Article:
The german version of this review can be found in the german Tacticalforum:
the Tasmanian Tiger Operator Pouch.
This pouch is a very specialized and MOLLE compatible pouch with a quick release feature, mainly designed for plate carriers and similar systems.
- H x L x W: 25 x 25 x 5 cm
- Weight: 350 g
- Material: 700 den Cordura
- Color options: Olive, Black, Khaki
- Price 40,00€
What struck me the most was the general size of the pouch. It already looks big on the pictures, but it is even more bigger in real life. To give you an idea I have taken a picture with a Multitool, an AK-74 mag and a measuring tape.
As you can see on the picture, the front features four rows of MOLLE straps with five channels each. So there is still room for another small MOLLE pouch or panel or just pens, chemlights and such.
Opening the pouch is done by first pulling up a velcro flap and then pulling down a strap that is connected to both zippers on the left and right. The pouch is a full clamshell design, but we will come to that later.
Back and quick release system:
The back features five rows of MOLLE straps with six channels each. The first and last strap is a little bit slimmer because on top of them are straps with the button locks for the quick release system, and because these are put on top of the opposing MOLLE webbing that the pouch is mounted on.
The quick release system consists of two pairs of doubled straps that are connected through a Hypalon tab that can be fastened to the pouch via the button locks.
The straps are used like any other MOLLE system with the exception that they are not fixed at the bottom. That way you can just pull them out and detach the pouch in a fast matter. Since there are button locks at the top and the bottom you can choose for yourself on how to use the system: by pulling the straps out from above or below.
A simple paracord keeps the straps from getting lost. If you don’t need that, you can simply detach it.
Let’s get to the interior of the pouch. As mentioned before it opens like a clamshell to provide full access to the material stored inside.
The pouch features alot of organizational options through different elastic loops. At the rear side you will find three rows of elastic webbing with three large elastic loops each. Underneath each of these large loops you will find another four small ones. That gives you nine large and 36 small loops in total. At first I didn’t miss them, but now I wish Tasmanian Tiger would have incorporated some medium sized loops and not only small and big ones. That way you would have been able to secure bigger items like flashligts into the pouch.
There are also two rows with two small elastic loops on each inner side as well. In the picture you will see different items put into the pouch to give you an idea about the size and arrangement of the loops. Of course it is up to you what you will put inside the pouch.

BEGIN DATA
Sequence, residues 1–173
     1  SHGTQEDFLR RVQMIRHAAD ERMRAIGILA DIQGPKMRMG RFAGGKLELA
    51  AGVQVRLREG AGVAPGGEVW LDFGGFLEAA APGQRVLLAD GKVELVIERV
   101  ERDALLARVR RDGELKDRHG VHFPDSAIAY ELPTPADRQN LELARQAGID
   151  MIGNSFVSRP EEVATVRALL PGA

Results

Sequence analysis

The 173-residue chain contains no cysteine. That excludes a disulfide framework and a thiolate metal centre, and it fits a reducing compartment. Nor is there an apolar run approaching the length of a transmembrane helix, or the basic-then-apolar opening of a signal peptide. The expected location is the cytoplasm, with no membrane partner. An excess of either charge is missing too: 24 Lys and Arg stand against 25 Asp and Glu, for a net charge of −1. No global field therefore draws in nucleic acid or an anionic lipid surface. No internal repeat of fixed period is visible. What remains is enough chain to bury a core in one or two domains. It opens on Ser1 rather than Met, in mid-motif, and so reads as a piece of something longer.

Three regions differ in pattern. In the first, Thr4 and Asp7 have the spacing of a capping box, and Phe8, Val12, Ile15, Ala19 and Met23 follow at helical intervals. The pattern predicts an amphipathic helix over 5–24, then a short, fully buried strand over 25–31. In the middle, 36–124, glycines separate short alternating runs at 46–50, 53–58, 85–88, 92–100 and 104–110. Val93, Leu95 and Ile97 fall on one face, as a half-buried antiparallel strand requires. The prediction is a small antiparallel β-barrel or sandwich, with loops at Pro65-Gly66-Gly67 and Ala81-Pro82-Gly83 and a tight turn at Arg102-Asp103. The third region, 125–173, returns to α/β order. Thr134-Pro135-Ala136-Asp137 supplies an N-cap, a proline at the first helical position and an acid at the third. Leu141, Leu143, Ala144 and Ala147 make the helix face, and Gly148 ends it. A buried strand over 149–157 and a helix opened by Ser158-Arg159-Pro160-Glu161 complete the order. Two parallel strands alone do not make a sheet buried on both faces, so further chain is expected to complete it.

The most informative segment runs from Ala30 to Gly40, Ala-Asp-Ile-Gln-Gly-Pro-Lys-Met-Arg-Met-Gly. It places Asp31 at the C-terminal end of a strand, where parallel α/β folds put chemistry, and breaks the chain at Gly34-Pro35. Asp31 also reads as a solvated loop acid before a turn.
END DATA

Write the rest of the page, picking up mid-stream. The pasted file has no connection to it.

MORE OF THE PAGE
At the top of the compartment there is a velcro strap and a small cord loop to hang additional items into the pouch. There is also an opening at the side which allows cables or tubes to pass through.
The front side of the interior (or better said the back of the opening flap) has a panel in it that can be closed via a velcro tab. It has a reversed flap so that nothing falls out when the pouch is being opened and the front side of the pouch is turned upside down in the process. There are also three rows of PALS webbing with three channels. A shock cord with a cord lock gives you the possibility to secure additional items.
As with all Tasmanian Tiger products, the manufacture is top notch. The materials used are the highest grade and the workmanship is clean and without flaws. The seams are straight, there are no loose threads and the seams are finished with elastic binding.
Tasmanian Tiger uses its own zippers, but those are as easy going as YKK. The zippers are sewn in reversed to stop dirt from getting inside the teeth.
The pouch looks like it was the product of a very special inquiry. At least that is the opinion of a friend of mine, who has more insights into the matter. It takes alot of place on a MOLLE area and I can only guess the real functionality.
It gives you enough room to organize dedicated items however. A advanced IFAK pouch comes to mind or even a backup medic pouch carried on the back of regular soldiers. I don’t want to speculate on that matter – the people who will make good use of this pouch will see its potential and don’t need me to tell them what it will do. Hopefully though, I was able to give a better impression of the specs and the numerous possibilities.
Tasmanian Tiger offers a full range of dedicated pouches with very specific tasks. The operator pouch is a very good example for this. As soon as I have the opportunity, I will add pictures of the pouch on a plate carrier. Until then I hope this small review was enough to give you an idea!
Thank you for reading! Until next time!